Establishing an EU circular economy calls for a transformation of Europe’s production/consumption systems. Production systems respond to and shape consumer demand through the products offered and how they are marketed. Informed consumer choices can potentially shape decisions made by producers upstream and downstream in product supply chains. This briefing explores how policy can enable more circular economy-consistent consumer behaviour by understanding the factors influencing it.

Key messages

  • Production systems largely shape consumer demand by defining the types of products placed on the market and through targeted marketing strategies. However, consumer choices when purchasing, using and discarding products can potentially promote circular economy principles by increasing the demand for goods and services that are most consistent with circular economy principles.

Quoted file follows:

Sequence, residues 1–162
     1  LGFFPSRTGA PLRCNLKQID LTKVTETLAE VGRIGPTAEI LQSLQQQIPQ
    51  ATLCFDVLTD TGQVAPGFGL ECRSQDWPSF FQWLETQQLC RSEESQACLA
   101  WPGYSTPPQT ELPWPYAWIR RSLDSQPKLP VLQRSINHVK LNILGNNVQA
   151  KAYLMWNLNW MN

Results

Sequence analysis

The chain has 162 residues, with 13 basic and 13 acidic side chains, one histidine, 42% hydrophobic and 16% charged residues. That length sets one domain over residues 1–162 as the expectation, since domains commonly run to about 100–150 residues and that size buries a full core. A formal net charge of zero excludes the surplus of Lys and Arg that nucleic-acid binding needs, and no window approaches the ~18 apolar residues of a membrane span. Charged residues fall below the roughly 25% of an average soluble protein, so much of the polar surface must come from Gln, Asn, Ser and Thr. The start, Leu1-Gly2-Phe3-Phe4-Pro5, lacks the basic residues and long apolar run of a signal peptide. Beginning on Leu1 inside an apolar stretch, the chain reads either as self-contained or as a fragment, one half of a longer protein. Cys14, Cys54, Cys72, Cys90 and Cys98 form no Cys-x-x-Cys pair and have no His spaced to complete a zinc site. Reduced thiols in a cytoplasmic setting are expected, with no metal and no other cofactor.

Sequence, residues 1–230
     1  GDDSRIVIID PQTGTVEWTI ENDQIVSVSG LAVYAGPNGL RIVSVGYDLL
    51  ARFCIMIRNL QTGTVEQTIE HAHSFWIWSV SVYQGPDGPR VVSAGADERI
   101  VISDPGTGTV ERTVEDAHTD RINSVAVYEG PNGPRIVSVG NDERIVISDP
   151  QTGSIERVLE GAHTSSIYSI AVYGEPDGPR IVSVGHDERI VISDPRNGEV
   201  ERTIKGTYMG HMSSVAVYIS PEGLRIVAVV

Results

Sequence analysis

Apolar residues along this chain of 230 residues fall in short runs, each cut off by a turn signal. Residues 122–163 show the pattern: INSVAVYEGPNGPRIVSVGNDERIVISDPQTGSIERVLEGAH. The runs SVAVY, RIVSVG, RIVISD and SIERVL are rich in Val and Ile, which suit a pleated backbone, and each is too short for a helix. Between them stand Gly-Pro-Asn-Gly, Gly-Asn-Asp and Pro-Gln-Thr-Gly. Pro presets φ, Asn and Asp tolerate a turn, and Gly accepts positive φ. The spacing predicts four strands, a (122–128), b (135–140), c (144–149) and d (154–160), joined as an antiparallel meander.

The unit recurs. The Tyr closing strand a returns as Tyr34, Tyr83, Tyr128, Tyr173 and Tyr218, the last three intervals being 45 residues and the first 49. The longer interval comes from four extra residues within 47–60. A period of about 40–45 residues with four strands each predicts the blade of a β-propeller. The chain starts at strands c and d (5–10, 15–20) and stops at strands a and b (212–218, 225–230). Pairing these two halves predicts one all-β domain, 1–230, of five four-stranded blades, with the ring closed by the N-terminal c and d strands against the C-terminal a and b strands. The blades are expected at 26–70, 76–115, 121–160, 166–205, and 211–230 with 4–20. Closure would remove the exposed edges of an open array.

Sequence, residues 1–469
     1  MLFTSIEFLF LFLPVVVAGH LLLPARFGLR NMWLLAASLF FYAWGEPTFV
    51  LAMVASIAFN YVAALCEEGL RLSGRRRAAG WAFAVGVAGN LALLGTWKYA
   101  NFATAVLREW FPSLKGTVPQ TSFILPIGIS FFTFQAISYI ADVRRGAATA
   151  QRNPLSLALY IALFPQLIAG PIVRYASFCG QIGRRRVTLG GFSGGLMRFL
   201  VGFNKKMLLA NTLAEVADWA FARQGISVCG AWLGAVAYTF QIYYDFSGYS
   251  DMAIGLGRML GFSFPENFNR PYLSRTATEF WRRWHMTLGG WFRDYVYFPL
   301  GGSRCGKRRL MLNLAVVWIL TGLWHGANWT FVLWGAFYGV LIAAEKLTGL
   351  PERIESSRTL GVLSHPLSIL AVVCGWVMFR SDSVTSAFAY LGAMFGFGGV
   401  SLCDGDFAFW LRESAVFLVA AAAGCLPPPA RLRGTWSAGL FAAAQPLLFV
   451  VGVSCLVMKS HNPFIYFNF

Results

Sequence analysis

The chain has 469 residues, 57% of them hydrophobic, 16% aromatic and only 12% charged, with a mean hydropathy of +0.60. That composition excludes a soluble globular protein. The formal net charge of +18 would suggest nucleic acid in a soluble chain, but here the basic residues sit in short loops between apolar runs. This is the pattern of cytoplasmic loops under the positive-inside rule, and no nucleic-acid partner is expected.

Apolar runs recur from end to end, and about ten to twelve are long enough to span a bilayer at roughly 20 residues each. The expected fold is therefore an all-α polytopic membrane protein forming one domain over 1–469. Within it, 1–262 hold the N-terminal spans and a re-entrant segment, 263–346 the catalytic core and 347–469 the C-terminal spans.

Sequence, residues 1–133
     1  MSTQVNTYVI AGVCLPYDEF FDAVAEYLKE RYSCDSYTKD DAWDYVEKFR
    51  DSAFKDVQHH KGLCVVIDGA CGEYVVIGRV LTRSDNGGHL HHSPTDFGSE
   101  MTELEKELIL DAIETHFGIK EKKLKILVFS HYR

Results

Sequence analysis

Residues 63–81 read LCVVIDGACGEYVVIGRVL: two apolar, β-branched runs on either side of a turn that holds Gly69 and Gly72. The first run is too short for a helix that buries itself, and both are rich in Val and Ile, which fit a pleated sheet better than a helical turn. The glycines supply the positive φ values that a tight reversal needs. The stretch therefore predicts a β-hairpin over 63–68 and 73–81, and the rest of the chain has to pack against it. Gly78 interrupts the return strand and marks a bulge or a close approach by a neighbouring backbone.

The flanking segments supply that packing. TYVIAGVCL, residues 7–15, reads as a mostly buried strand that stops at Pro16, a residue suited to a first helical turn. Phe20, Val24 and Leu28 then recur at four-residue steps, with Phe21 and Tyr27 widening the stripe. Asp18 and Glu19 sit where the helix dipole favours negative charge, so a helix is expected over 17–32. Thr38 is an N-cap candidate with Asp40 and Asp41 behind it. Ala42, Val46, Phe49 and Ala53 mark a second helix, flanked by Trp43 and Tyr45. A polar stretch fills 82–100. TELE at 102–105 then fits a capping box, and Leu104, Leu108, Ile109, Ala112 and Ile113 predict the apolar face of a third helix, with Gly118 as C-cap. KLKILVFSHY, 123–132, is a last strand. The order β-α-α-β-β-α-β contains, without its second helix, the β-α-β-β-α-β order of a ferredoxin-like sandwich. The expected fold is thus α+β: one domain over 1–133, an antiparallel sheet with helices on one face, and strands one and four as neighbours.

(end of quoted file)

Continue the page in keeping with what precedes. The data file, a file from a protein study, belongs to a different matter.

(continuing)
• Policies aiming to promote circular economy-consistent decisions by consumers will be most effective if they take account of the factors shaping individual behaviour and nudge consumers towards making choices that favour the greatest circularity.
  • The factors affecting consumer behaviour in the context of the circular economy are economic factors, the fit between needs and offering, information, social factors, and individual consumer preferences and beliefs. Current policies mainly aim to give consumers information (e.g. eco-labels) and to a lesser extent to make circular alternatives more economically attractive. Changing social factors and personal preferences by policy measures alone is perceived to be more difficult.